In 2017, she received the International Association of Chiefs of Police award from the US, which recognises 40 law enforcement professionals under the age of 40 from around the world.
Ms Al Mamari said she was lucky to receive support from her family and in particular from her father.
“He was a military man and encouraged me to join the force, advising me to show my best and learn the most,” she told The National.
“During my work with the VIP protection unit, some of the missions involved protecting celebrities.”
“The toughest part was dealing with fans. But everything I did and learnt prepared me to be part of this team.”
Bride to be is also a jiu-jitsu and weightlifting champion
Team member Roudha Al Blooshi, 30, is a workout fanatic.
“My journey began when I was 19 and I challenged myself to shed some weight,” she said.
She learnt jiu-jitsu and weightlifting and participated in several competitions.
“This team is a dream come true for me and when I was nominated to join, I received immense support from my family and my fiance.”
She urged more Emirati women to join.
“Even if they do not wish to join, I hope to see them working out and taking up sports as a part of their daily lifestyle,” she said.
Her wedding will take place after the Dubai Police Swat Challenge and she hopes she will be celebrating two achievements — winning and tying the knot.
“Our love for sport and police tactics teamwork brought us together,” she said. “I hope to raise my children to be the same.”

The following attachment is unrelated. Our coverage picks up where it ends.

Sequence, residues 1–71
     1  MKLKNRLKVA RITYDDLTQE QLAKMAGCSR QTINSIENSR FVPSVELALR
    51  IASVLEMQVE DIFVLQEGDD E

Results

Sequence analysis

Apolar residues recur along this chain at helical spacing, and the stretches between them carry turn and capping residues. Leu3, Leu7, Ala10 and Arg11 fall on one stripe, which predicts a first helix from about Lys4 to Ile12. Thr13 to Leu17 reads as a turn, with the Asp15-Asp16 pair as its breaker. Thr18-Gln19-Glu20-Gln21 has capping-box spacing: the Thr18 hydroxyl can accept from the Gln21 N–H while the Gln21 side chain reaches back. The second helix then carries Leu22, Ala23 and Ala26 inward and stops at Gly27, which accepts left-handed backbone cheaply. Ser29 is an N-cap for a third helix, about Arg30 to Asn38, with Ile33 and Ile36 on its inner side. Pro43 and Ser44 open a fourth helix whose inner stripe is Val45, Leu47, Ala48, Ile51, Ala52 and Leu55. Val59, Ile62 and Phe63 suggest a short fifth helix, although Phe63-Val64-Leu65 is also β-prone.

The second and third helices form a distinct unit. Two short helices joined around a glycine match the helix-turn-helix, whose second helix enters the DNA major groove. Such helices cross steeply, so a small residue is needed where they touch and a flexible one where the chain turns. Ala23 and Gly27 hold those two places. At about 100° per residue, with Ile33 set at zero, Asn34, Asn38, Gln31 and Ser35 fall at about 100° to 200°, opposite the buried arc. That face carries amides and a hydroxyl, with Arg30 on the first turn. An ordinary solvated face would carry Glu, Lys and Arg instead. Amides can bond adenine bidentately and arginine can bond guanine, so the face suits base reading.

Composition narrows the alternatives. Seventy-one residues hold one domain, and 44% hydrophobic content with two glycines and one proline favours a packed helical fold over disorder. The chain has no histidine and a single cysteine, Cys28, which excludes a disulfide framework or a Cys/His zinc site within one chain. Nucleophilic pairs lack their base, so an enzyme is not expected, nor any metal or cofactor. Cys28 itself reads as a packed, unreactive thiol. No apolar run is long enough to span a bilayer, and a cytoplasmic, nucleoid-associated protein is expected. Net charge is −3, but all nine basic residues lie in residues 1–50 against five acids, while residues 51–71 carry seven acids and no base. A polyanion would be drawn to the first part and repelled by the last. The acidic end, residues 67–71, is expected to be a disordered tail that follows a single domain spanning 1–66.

Women in the field want to dismantle criminal networks
For Khadija Al Farsi, 28, it was hard at first but she was determined to challenge herself.
“I lost weight and trained hard every day to improve and become one of the best in this field,” she said.
Another officer Shaikha Al Zamani, 29, participated in several physical training sessions to boost her fitness level.
“My passion has always been to be on the field and not desk work. This is why I took part in almost all training exercises the force offered,” she said.
Her performances caught the attention of senior officers who then nominated her to join the Swat team.
“I dream of becoming part of an international Swat team that dismantles criminal networks,” she said.
Talking about the women officers, First Lt Yaser Al Zarouni said their performance is commendable while competing in a male-dominated field, showing determination and commitment.
“They arrive earlier and never rush home after the training,” he said. “They sometimes outperform their male counterparts.”
It will be the only all-women team among more than 40 teams taking part in next month's Dubai Police Swat Challenge.
While some international teams also have women members, it will be the first all-women team to participate at such an event.
“They are ready for the challenge,” said Mr Al Zarouni.
“We hope to increase the number of women elite officers next year and announce a second team.”
The police special tactics team comprises women from different nationalities but more Emirati women are being encouraged to join, he added.
What is UAE Swat Challenge?
The challenge is organised by the Dubai Police and is held under the patronage of Sheikh Saif bin Zayed, Deputy Prime Minister and Minister of Interior.
It first started in 2019. Different teams from Dubai and Abu Dhabi as well as squads from Sharjah, Ras Al Khaimah, Fujairah and the Ministry of Interior usually take part.
The five-day event aims to promote co-operation and understanding between international Swat teams, highlighting the best practice.
There are five tests — tactical, assault, officer rescues, tower events and obstacle courses — designed to assess the tactical skills, mental focus and physical endurance of the participating teams.
And every year, before the main international challenge, teams in the Emirates compete against each other to prepare for the Swat Challenge.
Last year, 41 special task forces from 21 countries took part in five tests.